The source of this prohibition is Leviticus 19:28: “You shall not etch a tattoo on yourselves.” This prohibition applies to all tattoos besides those made for medical purposes, such as to guide a surgeon making an incision.
Although some of the commentaries seem to believe that this is one of the Torah’s chukim, the commandments whose rationales transcend the ken of human intellect, other commentators do offer several explanations for this prohibition:
- The human body is G‑d’s creation, and it is therefore unbefitting to mutilate G‑d’s handiwork. It is especially unbefitting for members of G‑d’s chosen nation to mutilate their bodies. One must believe that G‑d, the greatest artisan of all, formed him or her in the most fitting way, and one must not change this form. Changing one’s body (unless it is for health reasons) is tantamount to insulting G‑d’s handiwork.
- In ancient times, it was customary for idol-worshippers to tattoo themselves as a sign of commitment to their deity—much like an animal that is branded by its owner. On many occasions the Torah forbids practices that emulate pagan customs, considering that following their traditions is the first step towards subscribing to their idolatrous beliefs and services.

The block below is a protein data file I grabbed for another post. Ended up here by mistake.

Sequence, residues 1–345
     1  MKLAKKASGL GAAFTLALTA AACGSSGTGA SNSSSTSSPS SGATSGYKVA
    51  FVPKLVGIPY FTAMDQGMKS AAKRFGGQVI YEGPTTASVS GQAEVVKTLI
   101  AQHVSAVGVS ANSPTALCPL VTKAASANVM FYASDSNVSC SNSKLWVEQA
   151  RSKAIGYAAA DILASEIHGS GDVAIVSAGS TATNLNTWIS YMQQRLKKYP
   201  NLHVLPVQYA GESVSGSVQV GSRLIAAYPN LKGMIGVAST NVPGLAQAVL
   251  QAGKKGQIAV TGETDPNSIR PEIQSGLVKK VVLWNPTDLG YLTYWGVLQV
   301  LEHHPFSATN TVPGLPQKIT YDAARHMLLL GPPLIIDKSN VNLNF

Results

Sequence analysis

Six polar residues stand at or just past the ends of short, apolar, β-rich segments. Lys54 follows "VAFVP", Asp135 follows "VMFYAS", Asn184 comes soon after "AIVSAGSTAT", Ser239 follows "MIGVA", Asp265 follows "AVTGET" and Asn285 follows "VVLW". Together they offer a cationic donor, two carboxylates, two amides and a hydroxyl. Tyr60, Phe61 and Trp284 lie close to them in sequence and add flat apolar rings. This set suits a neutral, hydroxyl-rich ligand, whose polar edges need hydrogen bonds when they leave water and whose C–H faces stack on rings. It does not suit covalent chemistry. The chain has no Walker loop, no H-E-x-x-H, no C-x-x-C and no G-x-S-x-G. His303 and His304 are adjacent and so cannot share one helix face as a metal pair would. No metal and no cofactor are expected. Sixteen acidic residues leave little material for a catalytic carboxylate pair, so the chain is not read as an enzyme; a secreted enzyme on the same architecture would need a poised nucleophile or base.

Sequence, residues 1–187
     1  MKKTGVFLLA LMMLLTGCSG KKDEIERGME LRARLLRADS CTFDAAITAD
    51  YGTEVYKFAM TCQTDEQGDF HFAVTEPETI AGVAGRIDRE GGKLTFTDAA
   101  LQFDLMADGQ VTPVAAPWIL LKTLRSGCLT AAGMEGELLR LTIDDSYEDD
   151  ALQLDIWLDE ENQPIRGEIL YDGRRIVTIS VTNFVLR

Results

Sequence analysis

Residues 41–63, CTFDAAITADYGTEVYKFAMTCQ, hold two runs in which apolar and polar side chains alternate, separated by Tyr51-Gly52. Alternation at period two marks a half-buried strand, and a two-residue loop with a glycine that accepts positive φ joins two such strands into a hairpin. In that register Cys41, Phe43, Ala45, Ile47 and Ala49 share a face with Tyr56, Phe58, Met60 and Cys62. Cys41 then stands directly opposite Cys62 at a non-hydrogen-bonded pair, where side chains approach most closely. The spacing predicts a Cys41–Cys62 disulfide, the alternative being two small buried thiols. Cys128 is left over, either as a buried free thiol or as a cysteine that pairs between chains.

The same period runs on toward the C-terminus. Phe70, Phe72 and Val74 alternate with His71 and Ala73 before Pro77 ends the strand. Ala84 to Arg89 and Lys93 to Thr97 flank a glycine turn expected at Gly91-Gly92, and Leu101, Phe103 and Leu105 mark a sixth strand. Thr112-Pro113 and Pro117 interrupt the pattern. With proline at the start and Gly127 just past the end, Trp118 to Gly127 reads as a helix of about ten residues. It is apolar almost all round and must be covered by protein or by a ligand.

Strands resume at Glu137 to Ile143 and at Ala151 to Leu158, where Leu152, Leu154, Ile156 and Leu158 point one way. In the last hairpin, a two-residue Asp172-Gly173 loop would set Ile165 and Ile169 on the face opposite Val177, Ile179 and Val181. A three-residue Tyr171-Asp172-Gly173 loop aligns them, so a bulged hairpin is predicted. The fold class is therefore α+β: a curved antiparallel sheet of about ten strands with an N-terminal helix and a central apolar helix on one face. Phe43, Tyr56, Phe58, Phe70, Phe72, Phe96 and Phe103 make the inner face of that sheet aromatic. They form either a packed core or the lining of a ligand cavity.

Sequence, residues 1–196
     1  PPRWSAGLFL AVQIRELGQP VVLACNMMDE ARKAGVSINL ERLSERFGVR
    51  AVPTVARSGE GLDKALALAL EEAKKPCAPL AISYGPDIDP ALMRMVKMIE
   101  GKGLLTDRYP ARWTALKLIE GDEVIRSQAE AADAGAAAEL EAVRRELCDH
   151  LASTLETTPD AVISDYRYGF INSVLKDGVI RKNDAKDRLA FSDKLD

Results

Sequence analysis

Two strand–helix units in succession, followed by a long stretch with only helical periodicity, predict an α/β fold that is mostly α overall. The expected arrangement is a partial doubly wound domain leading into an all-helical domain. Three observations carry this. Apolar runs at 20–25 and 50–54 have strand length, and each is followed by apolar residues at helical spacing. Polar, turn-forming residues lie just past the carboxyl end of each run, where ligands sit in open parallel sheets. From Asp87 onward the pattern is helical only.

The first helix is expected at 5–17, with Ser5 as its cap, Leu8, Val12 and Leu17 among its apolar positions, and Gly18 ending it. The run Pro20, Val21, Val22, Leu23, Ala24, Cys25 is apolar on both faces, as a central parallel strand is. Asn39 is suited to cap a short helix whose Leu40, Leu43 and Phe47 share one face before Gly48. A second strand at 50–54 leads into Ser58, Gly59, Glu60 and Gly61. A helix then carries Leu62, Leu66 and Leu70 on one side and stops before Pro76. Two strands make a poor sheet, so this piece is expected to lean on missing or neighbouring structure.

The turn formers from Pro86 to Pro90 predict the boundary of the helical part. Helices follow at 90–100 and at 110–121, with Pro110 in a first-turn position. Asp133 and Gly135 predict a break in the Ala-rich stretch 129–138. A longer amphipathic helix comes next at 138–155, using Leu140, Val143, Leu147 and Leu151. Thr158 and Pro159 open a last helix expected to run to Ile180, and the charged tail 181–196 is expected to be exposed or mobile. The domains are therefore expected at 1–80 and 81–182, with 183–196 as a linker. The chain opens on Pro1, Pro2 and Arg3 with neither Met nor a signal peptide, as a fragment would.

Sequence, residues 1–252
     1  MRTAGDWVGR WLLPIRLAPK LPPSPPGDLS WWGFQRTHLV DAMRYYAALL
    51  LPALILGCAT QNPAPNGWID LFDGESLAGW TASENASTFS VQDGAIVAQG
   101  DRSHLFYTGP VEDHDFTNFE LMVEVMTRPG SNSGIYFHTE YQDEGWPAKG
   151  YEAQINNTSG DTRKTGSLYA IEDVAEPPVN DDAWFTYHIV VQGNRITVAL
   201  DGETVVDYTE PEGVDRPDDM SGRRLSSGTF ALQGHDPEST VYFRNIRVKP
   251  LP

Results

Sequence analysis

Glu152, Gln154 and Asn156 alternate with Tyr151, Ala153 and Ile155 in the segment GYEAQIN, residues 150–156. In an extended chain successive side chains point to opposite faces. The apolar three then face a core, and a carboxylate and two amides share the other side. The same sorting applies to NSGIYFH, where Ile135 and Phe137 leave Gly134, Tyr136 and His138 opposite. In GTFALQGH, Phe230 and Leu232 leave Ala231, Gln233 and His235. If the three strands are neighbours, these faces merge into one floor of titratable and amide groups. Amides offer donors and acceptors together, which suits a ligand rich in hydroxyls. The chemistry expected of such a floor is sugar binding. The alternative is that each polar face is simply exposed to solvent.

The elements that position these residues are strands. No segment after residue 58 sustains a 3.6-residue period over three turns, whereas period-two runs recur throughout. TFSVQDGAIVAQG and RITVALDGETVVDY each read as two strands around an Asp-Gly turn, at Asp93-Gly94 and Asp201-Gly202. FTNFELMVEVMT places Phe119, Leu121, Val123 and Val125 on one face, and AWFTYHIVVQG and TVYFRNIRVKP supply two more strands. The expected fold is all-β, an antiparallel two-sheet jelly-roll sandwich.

- The covenant of circumcision is unique in its being a sign in our bodies of our relationship with G‑d. Making other signs in one’s body would weaken and cheapen this special sign.
See also Can a Person with a Tattoo Be Buried in a Jewish Cemetery? and I Want a Star of David Tattoo.